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What Happens to Child Support After Remarriage?Getting remarried is an exciting event because it signifies a resolution to your divorce in many ways. You have proven that you can find a new relationship. If you were receiving spousal maintenance, you can break that financial tie to your former spouse. However, your obligation to provide child support will remain, regardless of whether either of you gets remarried. There are limited circumstances in which the child support payments can be modified after one parent gets remarried.

Principles of Child Support

Divorced parents pay child support because they share a financial obligation to care for their children. That obligation will always remain with the two legal parents of the children and not with any new spouses. Your new spouse cannot become the legal parent of your children unless your co-parent relinquishes his or her parental rights and your new spouse adopts your children. Thus, courts have traditionally not considered the income of a new spouse when determining child support payments. However, an Illinois court ruling in 2014 broke with that tradition when it found that:

  • A parent’s financial resources can help determine his or her appropriate child support obligation; and
  • The income of the mother’s new husband counted as an increase in her financial resources.

Courts will not directly include your new spouse’s income when calculating your child support obligation. Instead, it will reasonably consider whether your current share of child support is fair if your new spouse’s income decreases the percentage of your income that you use for other expenses.

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Government Shutdowns Have Limited Effects on DivorcesAfter more than a month, the federal government shutdown has ended with a deal to reopen the government for three weeks. However, President Donald Trump mentioned the possibility of another shutdown if he could not reach an agreement with Democratic leaders. You may wonder whether a shutdown has any effect on divorces. In most situations, the answer is “no.” A shutdown impacts the funding for federal courts, but state courts handle divorce and family law cases. A shutdown would likely affect a divorce only when one of the spouses is a federal employee.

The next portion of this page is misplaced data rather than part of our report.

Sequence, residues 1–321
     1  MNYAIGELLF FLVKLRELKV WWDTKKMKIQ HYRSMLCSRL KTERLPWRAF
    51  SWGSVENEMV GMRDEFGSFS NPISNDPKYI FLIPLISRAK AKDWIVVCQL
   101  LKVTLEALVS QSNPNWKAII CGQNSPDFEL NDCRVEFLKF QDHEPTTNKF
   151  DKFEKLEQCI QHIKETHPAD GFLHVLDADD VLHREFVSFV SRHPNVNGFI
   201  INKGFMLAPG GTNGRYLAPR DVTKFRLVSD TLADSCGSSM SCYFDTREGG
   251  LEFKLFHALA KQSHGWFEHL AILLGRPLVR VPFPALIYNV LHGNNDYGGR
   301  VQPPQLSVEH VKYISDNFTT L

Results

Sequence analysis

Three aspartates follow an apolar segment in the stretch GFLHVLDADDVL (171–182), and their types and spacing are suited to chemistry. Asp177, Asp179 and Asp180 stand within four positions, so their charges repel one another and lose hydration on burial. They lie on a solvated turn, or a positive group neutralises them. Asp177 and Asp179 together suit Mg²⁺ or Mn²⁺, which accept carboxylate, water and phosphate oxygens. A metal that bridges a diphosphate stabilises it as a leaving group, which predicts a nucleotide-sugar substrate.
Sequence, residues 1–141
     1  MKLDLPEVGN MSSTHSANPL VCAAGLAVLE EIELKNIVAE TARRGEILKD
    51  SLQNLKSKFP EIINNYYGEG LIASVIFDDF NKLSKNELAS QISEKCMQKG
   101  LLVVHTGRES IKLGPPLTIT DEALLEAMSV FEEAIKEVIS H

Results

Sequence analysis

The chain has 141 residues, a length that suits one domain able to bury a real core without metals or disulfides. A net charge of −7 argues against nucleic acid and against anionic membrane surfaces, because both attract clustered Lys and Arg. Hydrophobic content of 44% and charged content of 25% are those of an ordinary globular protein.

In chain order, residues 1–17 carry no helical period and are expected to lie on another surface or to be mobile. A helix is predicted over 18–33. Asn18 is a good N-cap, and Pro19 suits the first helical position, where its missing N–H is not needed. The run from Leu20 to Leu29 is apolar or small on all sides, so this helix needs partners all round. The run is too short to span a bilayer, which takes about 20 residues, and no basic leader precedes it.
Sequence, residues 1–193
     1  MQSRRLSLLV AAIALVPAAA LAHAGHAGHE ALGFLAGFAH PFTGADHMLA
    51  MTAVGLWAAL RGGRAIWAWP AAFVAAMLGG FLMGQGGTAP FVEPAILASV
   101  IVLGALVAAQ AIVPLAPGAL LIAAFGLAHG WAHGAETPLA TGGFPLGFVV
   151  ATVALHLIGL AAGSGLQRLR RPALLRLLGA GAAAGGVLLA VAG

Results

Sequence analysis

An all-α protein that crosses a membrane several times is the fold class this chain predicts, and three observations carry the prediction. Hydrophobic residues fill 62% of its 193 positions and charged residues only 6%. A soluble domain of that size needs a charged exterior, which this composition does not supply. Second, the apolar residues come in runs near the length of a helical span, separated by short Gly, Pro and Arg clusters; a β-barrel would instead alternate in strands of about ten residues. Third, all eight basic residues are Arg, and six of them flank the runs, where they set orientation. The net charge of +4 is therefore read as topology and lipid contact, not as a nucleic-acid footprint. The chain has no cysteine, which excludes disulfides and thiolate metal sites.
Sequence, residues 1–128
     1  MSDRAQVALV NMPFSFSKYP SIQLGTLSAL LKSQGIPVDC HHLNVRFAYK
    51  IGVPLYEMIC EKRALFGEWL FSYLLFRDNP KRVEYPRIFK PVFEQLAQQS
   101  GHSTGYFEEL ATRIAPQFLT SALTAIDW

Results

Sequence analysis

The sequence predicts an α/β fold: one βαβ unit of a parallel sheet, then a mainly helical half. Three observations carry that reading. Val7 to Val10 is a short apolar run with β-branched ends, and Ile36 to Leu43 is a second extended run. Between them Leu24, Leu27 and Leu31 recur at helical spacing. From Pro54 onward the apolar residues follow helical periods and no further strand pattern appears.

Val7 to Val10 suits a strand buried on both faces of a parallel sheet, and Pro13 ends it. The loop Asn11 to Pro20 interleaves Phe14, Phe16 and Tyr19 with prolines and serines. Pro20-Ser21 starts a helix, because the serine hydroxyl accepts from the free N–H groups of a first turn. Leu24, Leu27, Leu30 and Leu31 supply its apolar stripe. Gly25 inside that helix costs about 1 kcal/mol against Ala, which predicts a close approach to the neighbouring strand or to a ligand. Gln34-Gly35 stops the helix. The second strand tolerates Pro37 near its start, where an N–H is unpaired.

Immediate Consequences

Federal employees do not receive pay during a government shutdown. This should not create any uncertainty about a spouse’s income during divorce negotiations because most employees receive back pay after the shutdown has ended. The government may not repay federal contractors, but those losses should not change the spouse’s future income once the government is running again. The missed pay could immediately affect people who:

  • Are trying to obtain a loan to purchase their own home following a divorce;
  • Are required to make monthly child support or spousal maintenance payments as part of a completed divorce agreement; or
  • Do not have enough money to pay for their own child or personal expenses.

It is important to talk to your family law attorney and former spouse about your financial concerns during a government shutdown. Your former spouse may be understanding about a missed or reduced support payment when you are not receiving your income. If a shutdown persists, you can also file a motion to modify your support payments because of a change in income. However, you could be held in contempt of your divorce agreement if you fail to make support payments without explaining the reason to your former spouse or the court.

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Goostree Law Group

Goostree Law Group

 555 S. Randall Road, Suite 200
St. Charles, IL 60174

 630-584-4800

 1770 Park Street, Suite 205
Naperville IL 60563

 630-364-4046

 400 S. County Farm Road, Suite 300
Wheaton, IL 60187

 630-407-1777

Our Illinois divorce attorneys represent clients in Kane County, DuPage County, Kendall County and DeKalb County, including Geneva, Batavia, St.Charles, Wayne, Wasco, Elburn, Virgil, Lily Lake, Aurora, North Aurora, Elgin, South Elgin, Bartlett, Crystal Lake, Gilberts, Millcreek, Maple Park, Kaneville, LaFox, Yorkville, Oswego, Plano, Sugar Grove, Big Rock, Bristol, Newark, DeKalb, Sycamore, Naperville, Wheaton, West Chicago, Winfield, Warrenville, Downers Grove, Lombard, Oak Brook, Streamwood, Hoffman Estates, Barrington, South Barrington, Lake Barrington, Schaumburg, Big Grove, Boulder Hill, Bristol, Joliet, Kendall, Lisbon, Minooka, Montgomery, Plainfield, Sandwich, Yorkville and many other cities.